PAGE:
Ask The Expert — Retired Detective Sergeant Bruce Coffin

Today we welcome back Bruce Coffin who is celebrating the release of his second novel in his Detective Byron Mystery series, Beneath The Depths. I really enjoyed the first book in the series Among the Shadows.

Bruce recent helped me get my police procedure details right as I was writing my sixth book. He is here today to answer more questions. Thanks so much, Bruce!

Did you always want to be a police officer? 

Not initially. I had actually planned to become a writer and attended college with that goal in mind. It wasn’t until I had a less than positive experience with a creative writing professor that I changed career direction.

What was the process for you to become a police officer?

I took the test for several of the local police departments before being offered a job with the Portland PD. Candidates are required to pass a number of things before they are sent to the Maine Criminal Justice Academy. Two written tests, polygraph test, psychological test, background check, credit check, criminal check, driver’s license check, several interviews (including the captain’s boards), a physical exam performed by a doctor, and a physical assessment. I’m still wondering how I ever passed the psychological (twice). Maybe they graded on a curve.

Has the process for becoming an officer changed since you joined the force?

Not all that much. The process itself has remained the same. The biggest difference today is the number of people turning out to take the exams. When I tested to become an officer literally hundreds of people would take the test. Many local departments have trouble getting even thirty people to show up. This shortage of candidates has resulted in many officers transferring laterally from other agencies.

What are three things we should know about being a police officer?

It can be the toughest of jobs when things go wrong. It can be the most rewarding of careers when everything is going well. And policing is a front row seat to the greatest show on earth, the human condition. I don’t regret a single day of my twenty-eight years on the job.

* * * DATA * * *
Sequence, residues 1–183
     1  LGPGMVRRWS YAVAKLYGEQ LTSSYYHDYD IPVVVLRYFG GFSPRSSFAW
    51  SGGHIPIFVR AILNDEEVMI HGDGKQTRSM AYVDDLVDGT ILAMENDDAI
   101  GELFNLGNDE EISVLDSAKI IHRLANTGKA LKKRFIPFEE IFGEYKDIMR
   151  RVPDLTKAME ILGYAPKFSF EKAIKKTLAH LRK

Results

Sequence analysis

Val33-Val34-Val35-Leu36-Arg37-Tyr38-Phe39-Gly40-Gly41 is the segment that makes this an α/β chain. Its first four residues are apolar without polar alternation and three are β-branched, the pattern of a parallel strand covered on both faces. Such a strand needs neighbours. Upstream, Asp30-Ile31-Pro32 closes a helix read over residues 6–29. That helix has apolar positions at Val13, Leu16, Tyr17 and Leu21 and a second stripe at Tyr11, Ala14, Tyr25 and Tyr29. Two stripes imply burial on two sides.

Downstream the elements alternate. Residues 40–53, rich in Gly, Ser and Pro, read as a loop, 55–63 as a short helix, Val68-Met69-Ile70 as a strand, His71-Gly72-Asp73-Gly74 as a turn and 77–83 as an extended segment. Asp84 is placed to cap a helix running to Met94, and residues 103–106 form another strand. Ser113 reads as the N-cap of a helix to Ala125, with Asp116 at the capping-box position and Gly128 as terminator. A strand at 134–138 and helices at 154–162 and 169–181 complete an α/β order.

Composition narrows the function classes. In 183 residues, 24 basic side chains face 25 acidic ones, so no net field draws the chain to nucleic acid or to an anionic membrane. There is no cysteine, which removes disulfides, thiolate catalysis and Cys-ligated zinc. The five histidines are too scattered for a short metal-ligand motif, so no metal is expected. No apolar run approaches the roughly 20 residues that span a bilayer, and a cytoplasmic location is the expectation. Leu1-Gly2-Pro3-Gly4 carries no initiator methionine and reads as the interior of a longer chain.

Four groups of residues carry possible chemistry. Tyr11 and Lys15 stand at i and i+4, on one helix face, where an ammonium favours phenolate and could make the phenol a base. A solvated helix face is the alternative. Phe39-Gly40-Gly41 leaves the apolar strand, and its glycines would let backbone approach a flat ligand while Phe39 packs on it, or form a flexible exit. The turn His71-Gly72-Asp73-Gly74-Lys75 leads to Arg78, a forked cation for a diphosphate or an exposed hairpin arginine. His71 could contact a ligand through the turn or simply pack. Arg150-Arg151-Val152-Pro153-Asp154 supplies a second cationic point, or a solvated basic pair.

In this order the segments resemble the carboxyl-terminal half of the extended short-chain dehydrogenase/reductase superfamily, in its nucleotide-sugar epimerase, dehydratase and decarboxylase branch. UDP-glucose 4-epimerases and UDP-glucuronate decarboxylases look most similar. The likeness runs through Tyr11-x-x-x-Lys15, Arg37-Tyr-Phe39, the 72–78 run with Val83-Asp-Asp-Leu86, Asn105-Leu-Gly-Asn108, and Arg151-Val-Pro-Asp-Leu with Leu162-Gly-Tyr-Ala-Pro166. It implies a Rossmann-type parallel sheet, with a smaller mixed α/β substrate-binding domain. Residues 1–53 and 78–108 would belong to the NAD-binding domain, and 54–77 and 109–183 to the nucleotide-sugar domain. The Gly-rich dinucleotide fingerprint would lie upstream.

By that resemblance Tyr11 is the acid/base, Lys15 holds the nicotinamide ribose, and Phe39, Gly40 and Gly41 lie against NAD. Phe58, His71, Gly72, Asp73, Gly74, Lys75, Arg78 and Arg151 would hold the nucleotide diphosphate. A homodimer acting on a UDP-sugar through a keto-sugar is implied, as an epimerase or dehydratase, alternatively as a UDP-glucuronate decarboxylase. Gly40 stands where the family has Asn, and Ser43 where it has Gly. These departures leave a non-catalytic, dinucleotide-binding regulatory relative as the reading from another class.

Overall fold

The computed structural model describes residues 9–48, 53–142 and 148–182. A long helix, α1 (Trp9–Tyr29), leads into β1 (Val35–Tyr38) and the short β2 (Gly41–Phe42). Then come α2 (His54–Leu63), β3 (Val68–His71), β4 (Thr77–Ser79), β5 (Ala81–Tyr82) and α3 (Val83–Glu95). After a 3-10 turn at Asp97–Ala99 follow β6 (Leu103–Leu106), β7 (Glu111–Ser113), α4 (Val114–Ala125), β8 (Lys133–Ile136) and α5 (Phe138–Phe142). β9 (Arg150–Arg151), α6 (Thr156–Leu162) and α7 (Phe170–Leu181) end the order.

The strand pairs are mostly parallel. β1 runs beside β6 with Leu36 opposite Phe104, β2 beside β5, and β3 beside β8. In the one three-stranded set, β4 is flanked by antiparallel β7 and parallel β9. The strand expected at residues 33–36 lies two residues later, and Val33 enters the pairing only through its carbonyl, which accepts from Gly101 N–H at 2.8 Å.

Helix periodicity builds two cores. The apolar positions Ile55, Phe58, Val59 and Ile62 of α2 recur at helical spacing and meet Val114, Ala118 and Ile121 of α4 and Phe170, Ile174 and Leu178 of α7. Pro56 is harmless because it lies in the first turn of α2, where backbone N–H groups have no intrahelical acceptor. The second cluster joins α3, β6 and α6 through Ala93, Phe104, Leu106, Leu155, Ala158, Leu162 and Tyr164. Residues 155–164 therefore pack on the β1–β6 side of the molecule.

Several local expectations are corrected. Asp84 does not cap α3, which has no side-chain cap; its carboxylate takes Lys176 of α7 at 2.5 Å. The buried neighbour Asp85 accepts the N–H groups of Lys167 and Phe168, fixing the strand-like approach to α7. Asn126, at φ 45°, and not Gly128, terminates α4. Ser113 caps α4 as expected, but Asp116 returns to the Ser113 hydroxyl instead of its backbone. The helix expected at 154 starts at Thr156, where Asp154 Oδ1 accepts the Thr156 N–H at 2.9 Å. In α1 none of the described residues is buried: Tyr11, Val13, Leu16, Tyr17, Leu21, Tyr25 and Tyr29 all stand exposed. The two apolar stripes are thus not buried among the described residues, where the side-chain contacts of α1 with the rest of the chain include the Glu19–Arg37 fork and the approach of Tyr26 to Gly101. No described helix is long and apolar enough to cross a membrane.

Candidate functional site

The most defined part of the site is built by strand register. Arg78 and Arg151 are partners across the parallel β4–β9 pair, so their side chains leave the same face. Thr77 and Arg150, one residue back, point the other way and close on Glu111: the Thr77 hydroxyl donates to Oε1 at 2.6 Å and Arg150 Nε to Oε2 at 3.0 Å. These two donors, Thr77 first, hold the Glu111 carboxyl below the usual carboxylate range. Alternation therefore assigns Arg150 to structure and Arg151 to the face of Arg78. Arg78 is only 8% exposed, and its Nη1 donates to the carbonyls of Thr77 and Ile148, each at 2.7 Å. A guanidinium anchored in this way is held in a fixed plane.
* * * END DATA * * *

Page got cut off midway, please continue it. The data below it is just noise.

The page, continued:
What was your favorite part of the job? Any interesting experiences you can share? 

Ha! There are too many to list. As for interesting experiences, you’ll have to read my novels.

If I get pulled over what should I do? 

Do what I do when I’m pulled over. Shut the car off. Keep your hands where the officer can see them. Stay in the car. Be polite. Traffic stops are one of the most dangerous things an officer can do, especially at night when visibility is bad. Don’t add to the officer’s stress level by acting out or arguing. Court is the place to make your case, not on the side of the road. Treat the officer like you would want to be treated. Remember they have no idea who you are or what else you may have recently been doing when they approach you. I know an officer who pulled over a driver for failing to dim their vehicle’s high beams. That particular driver was returning home immediately after raping a murdering a woman.

What do people get wrong when they are writing a character who is a police officer?

I get asked this question a lot. If I had to sum it up quickly I’d tell you to write a real character first. After you’ve created a believable character turn his or her world upside down by making them a cop. All writers are readers first, just as all cops are people.

How do you use your expertise in your books? 

The plots for my novels are fictional but I use as much of my own experiences as I can to make the stories as realistic as I can for the reader. Obviously I have to take a few liberties for the benefit the reader. In real life murder investigations sometimes go unsolved, but if I were to write my novels that way no one would want to read them. I make it a point to delve into the human and ethical struggles that police officers must confront every day. My novels are a way for those with no police experience to jump into the car with John Byron and Diane Joyner and race toward trouble from the safety of your couch.

How are you alike and different from your protagonist John Byron?